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Return to Save Haskell's Beach

Group's dream - the Gaviota Coast National Seashore

November 30, 1998
By MELINDA BURNS
NEWS-PRESS SENIOR WRITER

From the mountains to the beach, the treasures of the Gaviota coast would make a great national seashore - a kind of Big Sur for Southern California.

That, at least, is the future as envisioned by the Gaviota Coast Conservancy, a local nonprofit group formed to promote the idea.

The Gaviota Coast National Seashore, if it becomes a reality, would extend west from Coal Oil Point to Point Arguello, and south from the ridges of the Santa Ynez Mountains to the ocean, overlapping national forest land, Vandenberg Air Force Base and several state and county parks.

Much of the private property is dedicated to cattle grazing and avocado groves; and a number of the ranching families go back for generations. Together with Camp Pendleton near San Diego, the Gaviota area is one of the last stretches of undeveloped land on the coast of Southern California.

It is also a developer's dream.

Since 1996, when the conservancy was formed, a major hotel has begun construction at Haskell's Beach; a golf course is set to break ground just up the coast; and the Monarch Point Reserve, a project of 155 luxury homes, has been approved at Ellwood Shores - all west of Coal Oil Point.

With no time to lose, the conservancy has launched a public campaign, appealing to property owners, politicians and private land trusts to help save the coastline.``There is definitely a sense of urgency,'' said Mike Lunsford, a state park ranger and conservancy spokesman. ``It's the vision we have that spurs us on. All you have to do is look south of here, and you'll know what the destiny of the last rural remnant of the Southern California coastline is, unless we do something soon."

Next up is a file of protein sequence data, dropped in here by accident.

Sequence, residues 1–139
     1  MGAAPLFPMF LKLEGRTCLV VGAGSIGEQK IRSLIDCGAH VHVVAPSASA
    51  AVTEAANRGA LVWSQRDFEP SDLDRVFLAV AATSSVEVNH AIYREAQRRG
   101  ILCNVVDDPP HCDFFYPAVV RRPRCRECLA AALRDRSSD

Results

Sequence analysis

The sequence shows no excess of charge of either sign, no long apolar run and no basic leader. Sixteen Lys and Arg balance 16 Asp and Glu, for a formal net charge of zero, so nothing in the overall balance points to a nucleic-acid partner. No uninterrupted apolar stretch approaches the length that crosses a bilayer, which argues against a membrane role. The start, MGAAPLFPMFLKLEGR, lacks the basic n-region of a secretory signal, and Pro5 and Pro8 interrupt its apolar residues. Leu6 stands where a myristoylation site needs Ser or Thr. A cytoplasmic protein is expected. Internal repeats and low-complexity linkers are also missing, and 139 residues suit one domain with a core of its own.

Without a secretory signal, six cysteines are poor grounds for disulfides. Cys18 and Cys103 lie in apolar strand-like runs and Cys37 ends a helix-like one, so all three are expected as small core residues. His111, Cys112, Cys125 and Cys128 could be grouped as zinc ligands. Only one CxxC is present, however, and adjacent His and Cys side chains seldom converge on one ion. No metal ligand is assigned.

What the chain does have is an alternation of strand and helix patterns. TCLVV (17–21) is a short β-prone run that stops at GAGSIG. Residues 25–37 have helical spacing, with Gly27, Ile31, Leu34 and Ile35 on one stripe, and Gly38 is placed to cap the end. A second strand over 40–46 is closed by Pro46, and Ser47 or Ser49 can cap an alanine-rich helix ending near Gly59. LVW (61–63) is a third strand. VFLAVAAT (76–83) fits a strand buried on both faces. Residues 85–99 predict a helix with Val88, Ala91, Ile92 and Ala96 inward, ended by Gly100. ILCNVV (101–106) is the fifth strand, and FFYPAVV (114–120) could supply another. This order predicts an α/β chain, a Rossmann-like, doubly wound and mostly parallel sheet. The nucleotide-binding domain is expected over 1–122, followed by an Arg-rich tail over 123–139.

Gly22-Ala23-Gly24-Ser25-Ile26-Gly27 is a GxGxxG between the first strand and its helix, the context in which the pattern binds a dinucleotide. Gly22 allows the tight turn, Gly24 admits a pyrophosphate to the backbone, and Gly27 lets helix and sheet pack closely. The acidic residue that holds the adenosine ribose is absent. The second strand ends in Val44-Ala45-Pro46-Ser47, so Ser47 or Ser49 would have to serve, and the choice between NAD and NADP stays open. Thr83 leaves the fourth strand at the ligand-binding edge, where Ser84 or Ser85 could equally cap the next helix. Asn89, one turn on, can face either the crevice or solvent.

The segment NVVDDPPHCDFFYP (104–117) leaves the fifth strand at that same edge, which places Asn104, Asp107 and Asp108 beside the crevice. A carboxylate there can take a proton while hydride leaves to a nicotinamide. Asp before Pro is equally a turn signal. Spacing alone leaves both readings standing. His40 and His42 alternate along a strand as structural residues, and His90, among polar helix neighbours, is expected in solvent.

At the group's request, Rep. Lois Capps, D-Santa Barbara, will seek funding next spring for a National Park Service study to determine whether the Gaviota coast qualifies for preservation as a national seashore.

In addition, Santa Barbara County will spend $60,000 to take an inventory of the natural resources along the Gaviota coast and determine which locations should be saved first.

Earlier this month, the conservancy organized a tour of the coast for 25 representatives of federal, state and county parks; the Channel Islands National Marine Sanctuary; the state Coastal Conservancy; and private groups, including the San Francisco-based Trust for Public Land, the nonprofit organization that helped save the former Wilcox property in Santa Barbara.

UCSB biologists were on hand to explain how the Gaviota area marks the boundary between the moist, cool climate of Northern California and the drier, warmer climate of Southern California. In the chaparral, the sandstone, the grasslands and the canyons of this corner of the continent, they said, live plants and animals that are found nowhere else.

Archaeologists described a place rich in cultural history, with between 2,000 and 3,000 Chumash living in 10 towns along the coast when the Europeans arrived. One of these towns, on private land in Dos Pueblos Canyon, had 100 houses and is believed to have been the largest Chumash town anywhere.

The tour group made stops at the 550-acre La Paloma Ranch, owned by the Hvolboll family, north of Refugio Beach; and at the 800-acre Arroyo Hondo Ranch belonging to J.

J. Hollister, next to the county landfill at Tajiguas.

Hollister and the Hvolbolls are negotiating with the Land Trust for Santa Barbara County, a nonprofit group, to see whether they could be compensated for some of the value in their land without selling it outright.

A model for the conservancy is the Point Reyes National Seashore north of San Francisco, the only national seashore on the West Coast. Here, the property owners sold their development rights to the public for a park.

It is much cheaper for a public agency to buy development rights than to buy land. The purchase lowers the value of a property, but the owner is compensated for it. Thus, he can extract some cash while still retaining the title to his land. In return, he relinquishes the right ever to develop it.